On 26th June the Dad’s Army 50th anniversary stamps are issued. They feature some of the well known catchphrases from the classic comedy. These include: “You stupid boy!” Captain Mainwaring, First Class. “Don’t panic! Don’t panic!” Lance Corporal Jones, First Class. “Do you think that is wise sir?” Sergeant Wilson, Second Class. “We’re doomed. Doomed!” Private Frazer, £1.45. “Do you think I might be excused?” Private Godfrey, £1.55; “Put that light out!” Chief Warden Hodges,£1.5. Understandably they do not include Jones’ “They don’t like it up ‘em” or, for me the best line from this comedy, Mainwairing saying “Don’t tell them your name, Pike”.
This got me thinking about how some of Jesus words are well known today. Not 50 years later but 2,000 years. Some people may use these phrases without knowing that Jesus said them, or the original meaning. They form the cross found on the front cover.
“Salt of the earth”, means that someone is trustworthy, dependable, straightforward. In the Sermon on the Mount, Matthew 5.13, Jesus said to his followers, “You are the salt of the earth. But if the salt loses its saltiness, how can it be made salty again? It is no longer good for anything, except to be thrown out and trampled underfoot.”
In Jesus’ day salt was used to flavour and preserve food and as currency. Jesus was saying that his followers should be distinctive, purifying and valuable. Salt was not as pure as it is today and if it lost its flavour it would be used like gravel.
“Go the extra mile” means to make more effort than is expected of you. To try especially hard. This, too comes from the Sermon on the Mount. Matthew 5.41. Jesus said, “If anyone forces you to go one mile, go with them two miles.”
Roman law allowed a Roman soldier to compel a civilian to carry his pack one Roman mile. There were stone columns alongside roads every mile. Of course, the Romans were the occupying forces and were enemies of the Jews who had to pay taxes to them to pay for the occupation of their own land. Jesus was saying, “OK, the Romans have the power to make you carry their load for a mile. Surprise them with your grace and kindness by carrying it for two!” This would have led the Roman soldier to ask why anyone would be kind to them after they had interrupted their day and forced them to carry the load
“An eye for an eye and a tooth for a tooth” is used to refer to the belief that retaliation in kind is the appropriate way to deal with an offence or crime. It came from the Old Testament law as a way of stopping an escalation of violence. If someone knocked someone’s tooth out, the injured party would often retaliate by knocking out two or more! This law was restrictive, saying you shouldn’t do more than was done to you, not prescriptive, that you had to do it. Jesus never supported this law. He said, Matthew 5.38 “You have heard that it was said, “Eye for eye, and tooth for tooth.” 39 But I tell you, do not resist an evil person. If anyone slaps you on the right cheek, turn to them the other cheek also.”
So we have another of Jesus’ sayings that are well known. Turn the other cheek. He is saying that we should not retaliate. But he may have been saying more than this. A slap on the right cheek would usually be given by a right handed person with the back of their hand. This implies contempt, that the one being slapped is inferior. A Roman soldier would certainly consider a Jew to be subordinate. Jesus could have been saying that he wants his followers to be treated like equals and to stand up and demand equality, even if this meant being struck on the other side, too! It is a call to peaceful resistance. Jesus demonstrated this by the way he acted in his trial and crucifixion.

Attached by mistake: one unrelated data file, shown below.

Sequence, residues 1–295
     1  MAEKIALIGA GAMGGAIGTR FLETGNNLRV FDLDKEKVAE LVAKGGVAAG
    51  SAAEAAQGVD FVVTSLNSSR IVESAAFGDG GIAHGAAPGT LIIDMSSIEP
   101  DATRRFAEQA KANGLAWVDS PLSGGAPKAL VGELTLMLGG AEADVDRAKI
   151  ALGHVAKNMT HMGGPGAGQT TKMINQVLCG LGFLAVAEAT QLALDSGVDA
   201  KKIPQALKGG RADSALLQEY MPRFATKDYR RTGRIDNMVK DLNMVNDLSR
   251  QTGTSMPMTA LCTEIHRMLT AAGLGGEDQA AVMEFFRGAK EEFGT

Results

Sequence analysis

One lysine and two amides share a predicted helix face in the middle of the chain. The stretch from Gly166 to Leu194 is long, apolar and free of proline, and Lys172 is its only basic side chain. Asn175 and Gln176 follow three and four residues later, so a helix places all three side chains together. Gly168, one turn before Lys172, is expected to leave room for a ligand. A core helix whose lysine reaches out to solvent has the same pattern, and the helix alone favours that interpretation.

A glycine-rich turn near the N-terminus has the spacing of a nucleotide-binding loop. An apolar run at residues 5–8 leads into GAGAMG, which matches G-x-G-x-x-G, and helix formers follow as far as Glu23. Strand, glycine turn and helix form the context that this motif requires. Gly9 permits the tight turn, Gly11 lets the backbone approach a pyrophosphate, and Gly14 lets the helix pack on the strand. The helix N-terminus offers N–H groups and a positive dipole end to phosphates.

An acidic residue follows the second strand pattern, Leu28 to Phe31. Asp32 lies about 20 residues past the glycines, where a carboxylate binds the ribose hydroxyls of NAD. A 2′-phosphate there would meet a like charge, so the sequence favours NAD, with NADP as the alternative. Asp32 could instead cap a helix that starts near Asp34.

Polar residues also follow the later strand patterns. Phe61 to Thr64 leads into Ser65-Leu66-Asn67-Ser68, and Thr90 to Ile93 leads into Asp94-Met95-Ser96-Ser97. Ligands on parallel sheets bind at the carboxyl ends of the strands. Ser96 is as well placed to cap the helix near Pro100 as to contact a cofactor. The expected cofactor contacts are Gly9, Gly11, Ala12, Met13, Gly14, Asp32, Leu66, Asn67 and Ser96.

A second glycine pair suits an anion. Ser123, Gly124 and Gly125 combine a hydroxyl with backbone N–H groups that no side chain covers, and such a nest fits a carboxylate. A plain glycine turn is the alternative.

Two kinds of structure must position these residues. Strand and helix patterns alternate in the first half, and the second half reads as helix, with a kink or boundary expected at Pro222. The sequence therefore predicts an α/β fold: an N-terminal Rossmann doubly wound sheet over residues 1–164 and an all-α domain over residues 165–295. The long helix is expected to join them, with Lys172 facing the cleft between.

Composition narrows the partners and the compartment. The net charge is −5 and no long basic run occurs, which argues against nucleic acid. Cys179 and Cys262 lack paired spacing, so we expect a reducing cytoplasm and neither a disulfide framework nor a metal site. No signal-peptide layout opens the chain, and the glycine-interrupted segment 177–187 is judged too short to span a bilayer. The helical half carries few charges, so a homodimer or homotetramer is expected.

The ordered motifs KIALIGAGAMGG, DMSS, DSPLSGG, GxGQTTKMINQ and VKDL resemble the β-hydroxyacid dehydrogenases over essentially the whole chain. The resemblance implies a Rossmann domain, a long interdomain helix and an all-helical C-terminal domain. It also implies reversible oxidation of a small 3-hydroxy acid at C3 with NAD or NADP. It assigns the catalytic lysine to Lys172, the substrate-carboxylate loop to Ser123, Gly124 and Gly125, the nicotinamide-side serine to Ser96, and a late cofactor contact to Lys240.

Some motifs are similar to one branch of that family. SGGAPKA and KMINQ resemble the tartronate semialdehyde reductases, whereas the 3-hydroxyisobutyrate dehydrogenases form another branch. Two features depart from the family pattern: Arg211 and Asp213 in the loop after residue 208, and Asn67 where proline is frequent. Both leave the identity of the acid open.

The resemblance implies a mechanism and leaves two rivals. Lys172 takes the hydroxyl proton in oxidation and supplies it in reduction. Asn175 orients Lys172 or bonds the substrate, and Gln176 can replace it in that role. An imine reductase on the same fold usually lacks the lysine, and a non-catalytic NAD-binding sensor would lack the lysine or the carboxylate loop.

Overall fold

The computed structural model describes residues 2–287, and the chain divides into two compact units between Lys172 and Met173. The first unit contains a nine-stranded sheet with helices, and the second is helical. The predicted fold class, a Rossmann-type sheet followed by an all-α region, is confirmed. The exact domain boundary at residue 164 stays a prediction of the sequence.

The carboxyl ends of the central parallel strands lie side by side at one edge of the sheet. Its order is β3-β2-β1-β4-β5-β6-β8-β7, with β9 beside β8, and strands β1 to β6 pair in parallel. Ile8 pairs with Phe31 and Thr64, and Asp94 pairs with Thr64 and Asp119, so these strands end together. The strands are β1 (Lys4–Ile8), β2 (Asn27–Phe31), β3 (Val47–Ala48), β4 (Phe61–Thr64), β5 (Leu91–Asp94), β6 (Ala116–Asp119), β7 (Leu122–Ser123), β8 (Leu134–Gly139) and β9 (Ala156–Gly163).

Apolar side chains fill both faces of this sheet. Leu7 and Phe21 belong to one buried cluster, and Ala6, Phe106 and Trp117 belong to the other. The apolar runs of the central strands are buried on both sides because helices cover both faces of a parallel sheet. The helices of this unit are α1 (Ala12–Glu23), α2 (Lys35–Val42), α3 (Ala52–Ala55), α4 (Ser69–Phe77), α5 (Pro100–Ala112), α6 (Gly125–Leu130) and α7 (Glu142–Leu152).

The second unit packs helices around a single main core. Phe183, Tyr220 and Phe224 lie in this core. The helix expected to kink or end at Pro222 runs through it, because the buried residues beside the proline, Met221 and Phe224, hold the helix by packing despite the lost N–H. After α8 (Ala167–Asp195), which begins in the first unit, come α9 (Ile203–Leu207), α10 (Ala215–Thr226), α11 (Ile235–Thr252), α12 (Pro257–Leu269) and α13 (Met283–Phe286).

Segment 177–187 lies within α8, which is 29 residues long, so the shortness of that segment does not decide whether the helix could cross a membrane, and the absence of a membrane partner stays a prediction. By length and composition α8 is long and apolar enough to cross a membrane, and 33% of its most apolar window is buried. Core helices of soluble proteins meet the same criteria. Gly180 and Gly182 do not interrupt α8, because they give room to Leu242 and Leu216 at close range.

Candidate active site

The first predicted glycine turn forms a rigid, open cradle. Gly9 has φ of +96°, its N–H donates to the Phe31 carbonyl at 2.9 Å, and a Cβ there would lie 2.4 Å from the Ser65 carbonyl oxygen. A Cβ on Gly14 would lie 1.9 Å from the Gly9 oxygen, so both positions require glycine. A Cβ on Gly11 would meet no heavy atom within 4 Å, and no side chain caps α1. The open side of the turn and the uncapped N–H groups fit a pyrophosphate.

Jesus said, “Do to others what you could have them do to you, for this sums up the Law and the Prophets.” Matthew 7.12. A TV programme polled people as to the best commandment to live by and this came out on top. I don’t know how many of those polled knew Jesus was the author. It is a good rule, but one that none of us are able to keep.
A well known phrase is “The spirit is willing, but the flesh is weak.”, Matthew 26.41. Jesus said this to his followers just before he was arrested because he wanted them to watch and pray but they were tired and kept falling asleep.
“I tell you, it is easier for a camel to go through the eye of a needle than for someone who is rich to enter the kingdom of God.” Jesus said this in Matthew 19.28 after a rich young man failed to follow him. Money and possessions were more important to him than following God. It is easy for us to invest out time, energy and emotions in money and possessions rather than God and to think they will provide for us in a way that only God can.
The preceding three quotations from Jesus show that we cannot be good enough for God. We need his forgiveness and undeserved favour, my definition of “grace”, in order that we can be friends of God.
There are many other well known quotes from Jesus I could talk about, but I will finish with two, one from John 14.1. “Do not let your hearts be troubled. Believe in God, believe also in me”. “Believe” is a trusting word. We are to trust in Jesus with our whole life. His words have been preserved and passed down because they are as relevant today as they were when Jesus first spoke them. Those word were first spoken to his disciples on the eve of his crucifixion, just after he had told them he was going to be crucified. They can speak to us in whatever circumstance we find ourselves in. We can be assured that Jesus can be with us all of the time by His Spirit, whom he gives to all who trust in him. “Remember, I am with you always, to the end of the age.” Matthew 28.20.
“I pray that, according to the riches of his glory, he may grant that you may be strengthened in your inner being with power through his Spirit, and that Christ may dwell in your hearts through faith, as you are being rooted and grounded in love.” Ephesians 3.16-17